PROFESSOR DESIGNS CHILDREN'S INTERACTIVE GALLERY AT EVERSON MUSEUM
Most kids would rather play video games than go to an art museum. After all, video games are fun and exciting—art museums are dull and boring. Perhaps that was true in the past, but organizers of the Children’s Interactive Gallery at the Everson Museum of Art in Syracuse have changed all that. Curated by Marion Wilson of the Everson and designed by architecture professor Lawrence Davis, this dynamic exhibition engages the whole family in a hands-on arts education experience. “The Children’s Interactive Gallery is not a Discovery Zone or substitute baby-sitter,” Davis says. “The museum’s intention is to introduce children to art as an exciting, vital part of everyday life. We hope this experience makes them less intimidated by museums.”
The gallery features a variety of self-explanatory activities designed to blur the boundaries between viewer and object. In one corner, children are invited to turn wooden blocks into unique architectural designs. In another, budding artists can draw and paint at computer work stations, rearrange puzzle pieces depicting famous artwork, or read colorful art books that practically jump off a table demanding to be read.
brantley carroll photography|
The Children's Interactive Gallery at the Everson Museum engages visitors in fun, educational activities.
Moving through the exhibition’s portraiture area, children are encouraged to draw self-portraits in crayon. They create new identities by trying on various costumes and then have their portraits photographed in front of painted backdrops chosen from the museum’s permanent collection. An inscription on the wall asks: “What kind of clothes will you wear? What kind of story will you tell?” Davis says teenagers in particular seem to enjoy this part of the exhibit, perhaps because they’re struggling with their own identities.
Davis designed the interactive gallery for an open space on the museum’s lower level. “I used the language of building construction [tectonics] by showing the 2-by-6s in their raw form,” he says. “A collage of different kinds of materials gives the gallery a playful feel, pinwheeling around the proscenium to generate a sense of movement. The project also attempts to use its articulated form and spaces to relate to the scale of children.”
In the project’s second phase, children will examine pieces from the museum’s premier ceramics collection, then try different sculpting techniques with clay. “Among the things I’ve learned by designing the gallery is that education is now as important a part of museums as showing and preserving art,” Davis says. “It’s been gratifying to create something so meaningful at the grass-roots level.”
DEPARTMENT OF PHILOSOPHY FOSTERS A THRIVING CULTURE FOR METAPHYSICS
While most of us are trying to figure out how to program our VCRs, philosophers are debating whether VCRs even exist. According to Stewart Thau, associate dean of the College of Arts and Sciences and former chair of the Department of Philosophy, this questioning of time, space, and the basic structure of reality is known as metaphysics, or the “study of what is truly real.”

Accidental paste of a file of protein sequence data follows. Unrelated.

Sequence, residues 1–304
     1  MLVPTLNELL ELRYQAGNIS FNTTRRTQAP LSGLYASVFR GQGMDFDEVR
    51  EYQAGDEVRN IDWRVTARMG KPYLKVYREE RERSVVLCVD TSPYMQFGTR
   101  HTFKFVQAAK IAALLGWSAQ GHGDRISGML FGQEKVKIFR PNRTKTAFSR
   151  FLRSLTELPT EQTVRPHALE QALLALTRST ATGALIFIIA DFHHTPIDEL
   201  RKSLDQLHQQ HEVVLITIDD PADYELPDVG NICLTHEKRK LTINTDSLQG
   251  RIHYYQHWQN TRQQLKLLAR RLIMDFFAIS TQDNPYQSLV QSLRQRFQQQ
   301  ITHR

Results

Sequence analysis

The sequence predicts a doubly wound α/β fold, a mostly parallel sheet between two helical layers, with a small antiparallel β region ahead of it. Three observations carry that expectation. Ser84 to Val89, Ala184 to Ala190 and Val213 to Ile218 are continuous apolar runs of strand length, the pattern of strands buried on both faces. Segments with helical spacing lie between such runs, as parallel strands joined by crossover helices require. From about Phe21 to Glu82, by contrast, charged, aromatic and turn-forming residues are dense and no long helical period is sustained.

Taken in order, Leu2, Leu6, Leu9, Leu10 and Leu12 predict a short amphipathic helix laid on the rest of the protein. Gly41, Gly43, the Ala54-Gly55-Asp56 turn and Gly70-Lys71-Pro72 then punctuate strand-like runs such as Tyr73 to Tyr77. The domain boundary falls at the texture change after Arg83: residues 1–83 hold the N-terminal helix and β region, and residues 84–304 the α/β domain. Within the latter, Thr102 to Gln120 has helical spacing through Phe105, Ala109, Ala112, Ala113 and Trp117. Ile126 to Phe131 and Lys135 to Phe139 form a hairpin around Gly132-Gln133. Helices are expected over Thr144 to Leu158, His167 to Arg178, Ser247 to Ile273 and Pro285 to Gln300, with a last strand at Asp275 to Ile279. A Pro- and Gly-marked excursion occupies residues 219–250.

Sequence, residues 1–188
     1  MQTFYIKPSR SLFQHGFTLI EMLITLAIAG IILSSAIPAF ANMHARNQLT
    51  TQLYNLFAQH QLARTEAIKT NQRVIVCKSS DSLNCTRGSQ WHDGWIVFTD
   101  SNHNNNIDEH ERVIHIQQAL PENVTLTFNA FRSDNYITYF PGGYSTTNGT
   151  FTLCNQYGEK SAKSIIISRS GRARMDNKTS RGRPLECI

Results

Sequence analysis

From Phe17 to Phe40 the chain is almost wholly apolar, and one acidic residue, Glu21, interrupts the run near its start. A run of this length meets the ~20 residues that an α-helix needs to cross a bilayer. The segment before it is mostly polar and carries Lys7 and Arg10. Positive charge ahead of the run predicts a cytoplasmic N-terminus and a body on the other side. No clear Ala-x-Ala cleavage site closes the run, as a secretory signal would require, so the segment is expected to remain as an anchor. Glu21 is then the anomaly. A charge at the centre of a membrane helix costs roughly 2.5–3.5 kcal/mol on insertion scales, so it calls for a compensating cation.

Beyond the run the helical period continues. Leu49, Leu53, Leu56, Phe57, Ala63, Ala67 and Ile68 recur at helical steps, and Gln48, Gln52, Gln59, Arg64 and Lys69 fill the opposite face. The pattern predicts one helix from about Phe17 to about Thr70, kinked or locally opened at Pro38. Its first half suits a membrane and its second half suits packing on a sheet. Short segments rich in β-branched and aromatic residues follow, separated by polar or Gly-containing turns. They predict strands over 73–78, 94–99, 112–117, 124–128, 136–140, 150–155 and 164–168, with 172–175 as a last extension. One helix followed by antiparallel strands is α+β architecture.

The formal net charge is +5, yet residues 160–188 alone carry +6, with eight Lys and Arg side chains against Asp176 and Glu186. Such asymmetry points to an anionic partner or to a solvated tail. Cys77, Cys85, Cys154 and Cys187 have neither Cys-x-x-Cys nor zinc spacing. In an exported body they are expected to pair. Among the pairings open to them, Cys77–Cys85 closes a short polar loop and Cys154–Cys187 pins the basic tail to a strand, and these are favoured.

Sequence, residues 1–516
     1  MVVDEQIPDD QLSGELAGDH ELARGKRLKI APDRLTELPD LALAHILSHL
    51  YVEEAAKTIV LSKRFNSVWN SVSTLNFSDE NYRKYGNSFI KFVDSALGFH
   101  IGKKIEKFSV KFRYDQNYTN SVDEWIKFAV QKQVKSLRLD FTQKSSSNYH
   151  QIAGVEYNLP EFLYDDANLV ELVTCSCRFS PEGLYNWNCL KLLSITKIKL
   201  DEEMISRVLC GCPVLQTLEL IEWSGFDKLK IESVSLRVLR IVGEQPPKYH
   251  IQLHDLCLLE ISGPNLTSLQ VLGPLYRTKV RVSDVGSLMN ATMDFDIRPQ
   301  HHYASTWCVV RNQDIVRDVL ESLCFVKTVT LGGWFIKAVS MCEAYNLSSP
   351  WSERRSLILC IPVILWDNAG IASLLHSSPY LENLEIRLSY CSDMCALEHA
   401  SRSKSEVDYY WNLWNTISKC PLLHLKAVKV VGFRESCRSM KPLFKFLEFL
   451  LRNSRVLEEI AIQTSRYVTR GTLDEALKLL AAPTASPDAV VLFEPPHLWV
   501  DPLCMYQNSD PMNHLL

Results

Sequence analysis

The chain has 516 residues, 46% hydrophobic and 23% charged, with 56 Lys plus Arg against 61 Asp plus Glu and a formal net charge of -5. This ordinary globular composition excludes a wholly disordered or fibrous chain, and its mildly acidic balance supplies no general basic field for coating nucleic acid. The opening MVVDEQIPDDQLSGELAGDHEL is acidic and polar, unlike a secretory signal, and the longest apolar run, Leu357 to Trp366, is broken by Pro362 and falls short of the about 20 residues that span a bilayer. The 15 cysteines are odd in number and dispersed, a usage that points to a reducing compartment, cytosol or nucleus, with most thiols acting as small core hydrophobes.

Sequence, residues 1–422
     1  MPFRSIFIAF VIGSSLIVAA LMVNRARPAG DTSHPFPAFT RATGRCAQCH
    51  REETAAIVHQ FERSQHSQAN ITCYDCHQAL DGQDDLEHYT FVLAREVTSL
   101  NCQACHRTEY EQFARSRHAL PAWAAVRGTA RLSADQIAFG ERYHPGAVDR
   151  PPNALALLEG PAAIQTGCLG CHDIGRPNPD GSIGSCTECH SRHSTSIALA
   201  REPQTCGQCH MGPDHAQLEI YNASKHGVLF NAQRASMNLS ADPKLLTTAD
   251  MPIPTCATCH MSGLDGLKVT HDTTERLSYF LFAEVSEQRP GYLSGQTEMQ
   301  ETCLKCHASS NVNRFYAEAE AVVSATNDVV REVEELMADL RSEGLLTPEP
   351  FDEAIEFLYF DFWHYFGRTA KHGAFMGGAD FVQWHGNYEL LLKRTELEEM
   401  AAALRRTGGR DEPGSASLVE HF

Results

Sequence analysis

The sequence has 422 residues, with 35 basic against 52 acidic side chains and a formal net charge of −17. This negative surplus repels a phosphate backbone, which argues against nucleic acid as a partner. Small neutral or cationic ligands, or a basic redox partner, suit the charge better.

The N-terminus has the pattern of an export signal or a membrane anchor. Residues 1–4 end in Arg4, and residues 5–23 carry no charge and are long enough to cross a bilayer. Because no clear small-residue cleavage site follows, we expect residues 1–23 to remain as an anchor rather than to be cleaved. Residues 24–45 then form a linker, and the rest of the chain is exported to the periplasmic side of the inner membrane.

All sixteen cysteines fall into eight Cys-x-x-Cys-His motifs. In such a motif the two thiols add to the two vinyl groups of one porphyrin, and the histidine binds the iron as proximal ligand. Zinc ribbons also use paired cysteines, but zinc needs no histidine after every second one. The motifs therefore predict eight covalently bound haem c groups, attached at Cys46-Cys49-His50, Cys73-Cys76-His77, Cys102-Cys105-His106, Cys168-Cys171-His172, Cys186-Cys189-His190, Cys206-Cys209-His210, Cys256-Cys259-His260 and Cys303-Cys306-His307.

Philosophical debate includes four main areas of study—metaphysics, epistemology (the theory of knowledge), logic, and moral philosophy. The Department of Philosophy’s greatest strength is metaphysics. “Fortunately, three mid-career metaphysicians joined senior faculty members José Benardete and Philip Peterson,” says Thau. “Clearly, Ted Sider, John Hawthorne, and Dean Zimmerman bring tremendous talent and prestige to the philosophy department.”
The National Research Council consistently ranks the philosophy department’s Ph.D. program in the top 25, making it the second-highest-rated doctoral program at SU. The department’s national reputation was further enhanced this past summer when it hosted Metaphysical Mayhem V, an invitation-only conference that attracted leading metaphysicians from around the world. Scholars from Oxford University, Notre Dame, Princeton, the University of Colorado, Cornell University, and other major philosophy programs discussed such topics as the nature of mental causation; distinguishing essential properties of things from their accidental properties; theories of truth, vagueness, and causation; and the question of whether metaphysical theories of the nature of physical objects are ever true.
The conference gave philosophy department faculty members and graduate students opportunities to participate in developing some of the most important ideas being debated today in metaphysics. “It connected all of us with current work being done by major figures in the field of metaphysics in the United States and abroad,” says Tom McKay, chair of the philosophy department. “Now that the annual conference has its permanent home at Syracuse, it will make the University increasingly well-known throughout the profession, as more philosophers come to know about the work being done by our faculty members and graduate students, and the thriving culture for philosophical discussion that Syracuse provides.”
Although the number of undergraduate philosophy majors at Syracuse is relatively small—about 40—the department makes a significant contribution to the education of undergraduate students throughout the University. In fact, the philosophy department offers courses that satisfy the liberal arts core requirements to more undergraduate students than most other departments in the College of Arts and Sciences. Thau believes this is because philosophy expands the imagination and develops the intellectual flexibility and verbal skills needed to succeed in a variety of professions. “Philosophical debate is an excellent foundation for anyone going into science, law, or medicine because it teaches you how to reason and think,” he says. “At its deepest level, philosophy is the foundation of all science.”